Production tools were developed and production samples delivered. The members uncovered bugs and the bugs were eliminated. While this sounds easy, it took many years, much sweat and a lot of money."
The article goes on to say that the organization was growing behind a tried and proven carburetor, the M-1 which produced amazing performance from a simple design. The M-1 had 17 parts, three of which were moving parts.
Using high fuel metering differential pressure to produce perfect distribution, the carburetor was unaffected by the sway of the road, stopping and starting, hard turns and bumpy highways. The high mileage, stall-proof carburetor had 100% combustion, faster acceleration, higher top speeds and smoother operation.
The M-1 Carburetor was suitable for just about any vehicle, from small sport cars to family cars, buses, trucks and marine engines.
These assertions were followed by several testimonials from M-1 owners who bragged that they got 35-38 mpg, and required virtually no maintenance.
The next section of the brochure included a reprint of a "vintage" article, "How Good Is the Fish Carburetor?" by John Drako of Auto Age.
Drako began by calling the Fish Carburetor controversial. He and a friend, George Willy of Willy's Carburetor in Blue Island, Illinois ran a five-week, night and day, series of tests on the Fish Carburetor. Their original testing indicated that they could either get high-mileage or lots of pep, but not both. They were so astounded by the product that they went to the Fish factory in Daytona Beach, Florida.
Here they found a dedicated group of professionals: Ray Fox, voted top mechanic in NASCAR in 1956, Red "Pappy Vogt, chief mechanic, who worked at Indianapolis Brickyard and was in charge of the "famed stable of Kiekhaefer stable of might Chrysler 300s," "Doc" Davis, a graduate engineer from Georgia Tech and Bob Fish, Jr. In addition to the Fish Carburetor, the company was also working on an advance mileage tester for the Studebaker Corporation.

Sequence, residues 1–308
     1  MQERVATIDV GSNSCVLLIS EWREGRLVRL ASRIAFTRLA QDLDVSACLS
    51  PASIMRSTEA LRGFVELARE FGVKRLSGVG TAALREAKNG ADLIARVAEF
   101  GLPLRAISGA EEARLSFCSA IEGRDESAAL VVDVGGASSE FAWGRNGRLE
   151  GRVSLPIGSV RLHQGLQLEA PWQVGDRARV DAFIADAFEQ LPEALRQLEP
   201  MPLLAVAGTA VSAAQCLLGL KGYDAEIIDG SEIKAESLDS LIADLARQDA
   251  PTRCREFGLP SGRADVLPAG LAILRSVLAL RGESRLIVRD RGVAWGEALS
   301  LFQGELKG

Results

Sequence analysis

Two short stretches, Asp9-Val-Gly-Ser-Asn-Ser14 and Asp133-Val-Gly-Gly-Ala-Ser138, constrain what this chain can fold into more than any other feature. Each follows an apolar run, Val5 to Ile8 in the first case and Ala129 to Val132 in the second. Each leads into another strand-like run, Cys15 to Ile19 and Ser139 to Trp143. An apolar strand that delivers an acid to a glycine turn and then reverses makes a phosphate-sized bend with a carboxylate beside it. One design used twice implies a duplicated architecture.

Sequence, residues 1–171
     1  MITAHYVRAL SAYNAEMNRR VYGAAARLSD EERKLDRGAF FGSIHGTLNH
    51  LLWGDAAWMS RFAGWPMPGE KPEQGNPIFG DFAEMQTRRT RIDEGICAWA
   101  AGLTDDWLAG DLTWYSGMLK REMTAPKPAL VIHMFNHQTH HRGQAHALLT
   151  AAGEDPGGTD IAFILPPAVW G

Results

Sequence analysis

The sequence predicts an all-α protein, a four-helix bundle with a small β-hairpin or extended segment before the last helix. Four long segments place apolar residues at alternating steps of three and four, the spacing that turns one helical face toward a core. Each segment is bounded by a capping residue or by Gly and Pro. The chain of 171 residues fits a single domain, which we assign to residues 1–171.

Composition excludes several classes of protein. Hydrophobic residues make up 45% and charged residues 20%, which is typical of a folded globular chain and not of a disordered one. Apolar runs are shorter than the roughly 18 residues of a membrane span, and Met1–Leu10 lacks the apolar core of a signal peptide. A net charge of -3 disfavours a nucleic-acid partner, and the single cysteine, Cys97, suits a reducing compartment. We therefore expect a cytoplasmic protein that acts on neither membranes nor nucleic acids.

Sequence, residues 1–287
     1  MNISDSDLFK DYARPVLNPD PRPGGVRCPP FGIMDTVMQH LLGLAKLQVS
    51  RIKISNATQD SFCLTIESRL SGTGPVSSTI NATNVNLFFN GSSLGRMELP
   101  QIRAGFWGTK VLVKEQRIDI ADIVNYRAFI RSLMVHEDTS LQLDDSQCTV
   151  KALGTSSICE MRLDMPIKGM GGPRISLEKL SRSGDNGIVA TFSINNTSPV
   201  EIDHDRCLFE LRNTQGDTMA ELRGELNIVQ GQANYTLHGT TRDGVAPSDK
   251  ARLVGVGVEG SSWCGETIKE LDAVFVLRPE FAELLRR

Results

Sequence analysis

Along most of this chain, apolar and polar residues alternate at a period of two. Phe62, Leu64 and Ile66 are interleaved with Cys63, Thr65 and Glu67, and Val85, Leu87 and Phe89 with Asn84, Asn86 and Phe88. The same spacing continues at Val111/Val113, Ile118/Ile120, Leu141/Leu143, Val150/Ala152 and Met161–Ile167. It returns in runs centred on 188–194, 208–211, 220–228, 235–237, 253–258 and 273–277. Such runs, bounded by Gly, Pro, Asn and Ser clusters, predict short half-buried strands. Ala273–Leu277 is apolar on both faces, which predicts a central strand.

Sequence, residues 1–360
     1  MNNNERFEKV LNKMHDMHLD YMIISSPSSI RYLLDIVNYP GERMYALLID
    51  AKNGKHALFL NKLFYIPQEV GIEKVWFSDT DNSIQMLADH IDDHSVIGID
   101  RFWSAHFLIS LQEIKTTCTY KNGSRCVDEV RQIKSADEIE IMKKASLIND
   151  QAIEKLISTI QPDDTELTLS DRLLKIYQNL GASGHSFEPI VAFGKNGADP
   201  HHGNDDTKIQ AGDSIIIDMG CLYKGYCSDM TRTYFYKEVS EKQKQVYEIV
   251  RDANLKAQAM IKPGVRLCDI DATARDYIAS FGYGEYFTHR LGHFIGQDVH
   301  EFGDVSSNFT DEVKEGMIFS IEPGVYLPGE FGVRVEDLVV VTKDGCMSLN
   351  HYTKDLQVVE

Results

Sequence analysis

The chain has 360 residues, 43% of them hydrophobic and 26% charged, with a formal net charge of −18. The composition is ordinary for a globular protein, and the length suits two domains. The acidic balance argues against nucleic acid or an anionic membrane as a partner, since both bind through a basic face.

Drako and Willy were able to examine Fish's newest carburetor, the M3 model. This model used a choke cable, which was controlled from the instrument panel. Instead of a typical butterfly-valve choke, it enriched the fuel-air mixture. A fast idle cam and a heating coil in the float chamber were also used to ensure almost perfect combustion.
Drako had installed Fish BM2 carburetors in his Dodge and Crosley-engine sportster and was very pleased with the results. He recommended the Fish for better performance and greater economy.
Drako could envision the Fish type of carburetor becoming a standard feature on cars, making "the extreme complication of today's multi-barrel jobs a thing of the past." He said the plant also had working models of a carburetor and intake manifold cast as a single unit, "the ultimate in fuel-feed design." Another magnesium carburetor was designed for a one-man helicopter engine and weighed only ounces, according to Drako.
Finally, on page 21, the brochure gets to specifics:
VIII HOW THE FISH CARBURETOR WORKS
There are four systems in the Fish Carburetor designed to deliver better fuel economy.